[TW: chronic illness, depression, suicide]
We are our bodies.
That sounds obvious, but it isn’t. Cartesian dualism thoroughly infiltrates the English language and many others. Many of the ways in which we talk about our bodies describe them as things we own, or carry, or inhabit, as though we were somehow distinct from the skeletons and meat.
My sense of my own consciousness is firmly anchored in my eyes. Everything else is ancillary, a wall of sensation at a distance or a weird intrusion from the outside. When I dream, I rarely have legs. My dream avatar pushes itself through crowds with its arms, or it is nothing but disembodied eyes, watching more than participating in the dream’s events. When I am more than that in dream, I am watching myself do things from the outside, a lucid vantage point on third-person adventure. In those dreams, my oneiric body is usually someone else entirely: a minotaur, a Mexican woman, a robot. I don’t have a sense of touch in my dreams, even when I have hands. Those differences are how I tell when I’m dreaming, or when I’m recalling events that happened in dream: I can’t touch anything, I don’t have feet, and people don’t have faces. And the world is usually in hazy grayscale with flashes of red or green to indicate the assorted Chekhov’s guns my dream-narrator likes to set up on my behalf.
There may or may not be anything to diagnose in those patterns. But all of them are illusions, the fantasies of a mind that often feels estranged from and confused by the letters its frontier outposts deliver to it. For the rest of us, our bodies and minds are not as distinct as my oneiromancer wants me to think they are. Within this lipid-rimed assembly of motors and struts is a complex of sensors and wires, connections that make the events of the hands and intestines and small of the back as real and immediate as any thought or emotion—and every thought and emotion as real as leaving one’s hand too long on the stove. The brain is only the largest and foremost organ of the self, anchoring and integrating the activities of all the others.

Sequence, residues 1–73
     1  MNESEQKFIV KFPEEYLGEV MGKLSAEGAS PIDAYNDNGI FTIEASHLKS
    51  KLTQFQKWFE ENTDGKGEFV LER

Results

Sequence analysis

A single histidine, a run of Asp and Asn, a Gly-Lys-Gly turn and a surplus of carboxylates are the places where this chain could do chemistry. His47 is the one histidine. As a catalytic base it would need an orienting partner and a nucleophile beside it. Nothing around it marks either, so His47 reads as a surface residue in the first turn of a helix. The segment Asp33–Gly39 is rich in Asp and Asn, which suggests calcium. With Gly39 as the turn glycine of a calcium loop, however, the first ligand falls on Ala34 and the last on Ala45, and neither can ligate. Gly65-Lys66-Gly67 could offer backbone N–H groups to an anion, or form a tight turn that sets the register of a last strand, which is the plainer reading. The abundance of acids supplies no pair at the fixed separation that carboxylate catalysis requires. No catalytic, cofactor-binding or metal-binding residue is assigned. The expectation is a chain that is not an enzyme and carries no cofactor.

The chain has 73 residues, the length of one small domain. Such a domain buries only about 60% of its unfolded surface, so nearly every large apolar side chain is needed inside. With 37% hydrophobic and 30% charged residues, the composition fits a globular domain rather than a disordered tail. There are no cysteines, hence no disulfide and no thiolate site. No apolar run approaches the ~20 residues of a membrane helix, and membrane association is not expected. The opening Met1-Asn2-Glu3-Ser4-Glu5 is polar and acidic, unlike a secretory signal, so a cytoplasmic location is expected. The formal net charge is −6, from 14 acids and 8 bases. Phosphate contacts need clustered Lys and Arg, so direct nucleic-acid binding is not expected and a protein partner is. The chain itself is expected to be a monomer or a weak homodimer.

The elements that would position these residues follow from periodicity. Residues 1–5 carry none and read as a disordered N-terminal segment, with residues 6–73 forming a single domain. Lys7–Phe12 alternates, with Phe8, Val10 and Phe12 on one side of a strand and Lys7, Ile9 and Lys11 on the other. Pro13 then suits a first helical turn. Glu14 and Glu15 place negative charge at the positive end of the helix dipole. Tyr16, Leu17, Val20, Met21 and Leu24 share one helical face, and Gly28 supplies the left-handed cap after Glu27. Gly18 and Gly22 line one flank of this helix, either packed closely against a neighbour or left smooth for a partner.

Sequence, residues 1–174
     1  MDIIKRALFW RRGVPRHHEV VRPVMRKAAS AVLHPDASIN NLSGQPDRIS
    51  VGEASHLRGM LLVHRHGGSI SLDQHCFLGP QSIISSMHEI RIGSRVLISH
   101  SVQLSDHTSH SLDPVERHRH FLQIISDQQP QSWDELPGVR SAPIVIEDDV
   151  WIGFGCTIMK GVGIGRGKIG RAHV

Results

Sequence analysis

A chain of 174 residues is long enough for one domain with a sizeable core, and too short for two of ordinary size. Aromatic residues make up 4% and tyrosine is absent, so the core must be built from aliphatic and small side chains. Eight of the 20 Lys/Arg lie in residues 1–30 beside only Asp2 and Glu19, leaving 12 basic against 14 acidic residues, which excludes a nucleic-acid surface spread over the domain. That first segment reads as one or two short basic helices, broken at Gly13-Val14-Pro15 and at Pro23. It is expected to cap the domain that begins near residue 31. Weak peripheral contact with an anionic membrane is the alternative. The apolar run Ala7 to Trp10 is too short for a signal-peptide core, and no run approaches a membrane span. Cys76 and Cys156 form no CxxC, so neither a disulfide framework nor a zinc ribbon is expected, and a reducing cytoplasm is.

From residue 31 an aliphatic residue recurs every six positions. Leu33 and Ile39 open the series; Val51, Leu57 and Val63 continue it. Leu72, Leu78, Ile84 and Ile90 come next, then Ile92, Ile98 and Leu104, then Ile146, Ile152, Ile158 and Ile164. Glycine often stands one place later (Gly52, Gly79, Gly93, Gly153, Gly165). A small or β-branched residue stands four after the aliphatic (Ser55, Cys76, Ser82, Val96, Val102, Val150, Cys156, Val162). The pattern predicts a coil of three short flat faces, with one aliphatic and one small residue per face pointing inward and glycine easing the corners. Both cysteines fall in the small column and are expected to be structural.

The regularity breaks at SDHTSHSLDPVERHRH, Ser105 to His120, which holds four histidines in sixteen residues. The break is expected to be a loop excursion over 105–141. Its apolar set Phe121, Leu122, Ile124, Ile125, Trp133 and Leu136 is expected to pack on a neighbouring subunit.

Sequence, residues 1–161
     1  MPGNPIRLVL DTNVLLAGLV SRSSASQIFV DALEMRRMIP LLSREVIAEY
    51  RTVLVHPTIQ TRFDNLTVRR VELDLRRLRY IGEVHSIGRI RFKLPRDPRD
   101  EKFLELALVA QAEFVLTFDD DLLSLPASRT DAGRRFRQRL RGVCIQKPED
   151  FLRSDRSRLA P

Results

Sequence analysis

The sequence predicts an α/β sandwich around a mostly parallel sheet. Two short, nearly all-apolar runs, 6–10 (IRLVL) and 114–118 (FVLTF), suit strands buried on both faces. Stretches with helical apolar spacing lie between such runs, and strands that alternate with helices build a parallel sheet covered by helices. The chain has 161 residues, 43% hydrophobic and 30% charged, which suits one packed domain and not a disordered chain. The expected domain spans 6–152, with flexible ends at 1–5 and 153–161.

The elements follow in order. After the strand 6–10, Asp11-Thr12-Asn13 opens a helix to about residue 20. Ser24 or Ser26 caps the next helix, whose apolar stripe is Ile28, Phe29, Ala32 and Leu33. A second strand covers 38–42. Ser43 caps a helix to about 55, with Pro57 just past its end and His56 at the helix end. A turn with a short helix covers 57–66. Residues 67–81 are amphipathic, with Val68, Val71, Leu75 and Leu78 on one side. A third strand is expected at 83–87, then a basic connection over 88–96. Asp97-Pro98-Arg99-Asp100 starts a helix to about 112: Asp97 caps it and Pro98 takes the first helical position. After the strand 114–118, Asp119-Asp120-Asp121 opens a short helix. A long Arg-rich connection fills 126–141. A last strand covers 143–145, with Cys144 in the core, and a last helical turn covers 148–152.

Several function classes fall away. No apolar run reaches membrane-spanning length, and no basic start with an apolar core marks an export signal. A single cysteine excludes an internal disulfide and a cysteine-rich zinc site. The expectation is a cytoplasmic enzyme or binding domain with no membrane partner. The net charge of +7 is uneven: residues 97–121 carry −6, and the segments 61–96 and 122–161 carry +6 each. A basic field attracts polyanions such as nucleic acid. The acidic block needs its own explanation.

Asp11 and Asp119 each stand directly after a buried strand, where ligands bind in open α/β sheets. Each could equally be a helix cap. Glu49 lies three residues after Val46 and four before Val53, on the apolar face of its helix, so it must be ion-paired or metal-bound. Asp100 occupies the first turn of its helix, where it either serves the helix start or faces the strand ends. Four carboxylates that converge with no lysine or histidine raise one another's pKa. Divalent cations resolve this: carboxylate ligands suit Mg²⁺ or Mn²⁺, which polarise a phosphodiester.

We are our bodies.
And when those bodies go wrong, it attacks the very definition of us.
Wasting diseases take from us what we could once do. Chronic pain fogs the mind, clogging its machinery with distraction. The “sickness behaviors” we instinctively invoke when infected leave us weak and tired when we know we are capable of more. Depression, bipolar disorder, and other mood dysfunctions flood us with unwanted thoughts and feelings that crowd out the wanted ones, rendering the whole machine alien and forbidding.
Did one of those sound different from the others? It shouldn’t have. Breakdowns of the brain are no more moral shortcomings or personal foibles than a broken leg or self-destructive marrow. In turn, breakdowns of the miscellany are no less ours than dysfunctions of neurons and glia. We are our bodies. That reality places the owner of a chronic illness, in any organ, in an impossible bind: to recognize the dysfunction as such while being defined by it. Chronic dysfunction entangles itself with a person’s idea of who and what they are and crowds out other thoughts, every interstice a reminder of who they would be without the damage, without the sickness. That discrepancy makes every condition a potential nucleus for later depression and a source of existential pain separate from any ordinary pain it might inflict.
The only reasonable response to ongoing suffering is to relieve it, or to try. And to those whose suffering defies our sincerest balms, the solace of oblivion is owed.
There is no dualism here. There are no souls to be mistreated by being denied a meat-puppet to drag around. There is no demiurge to consecrate pain for its own sake, no nobility in aggrieved silence. There is only suffering and the last, desperate, costly effort to mitigate it, undertaken when the thought of persisting at all becomes too great a horror to bear.
We owe the world’s sufferers all of the support we can muster, that their faulty machinery can no longer impose itself on them. And if and when that fails, we owe them understanding, empathy, and the tools to go quietly if they want them. We owe the world’s tortured souls, cancer shells, and fibromyalgia ghosts an honest view of their final analgesia:
It is a tragedy that we could not do more for you. It is a tragedy that your last moment of self-care was so costly. It is a tragedy that your nightmare called for such extreme measures.
You were your body, and now you’re the imprint you left behind.
You are immortal, and you are free.
May the one who comes after you know a body that makes no such demands.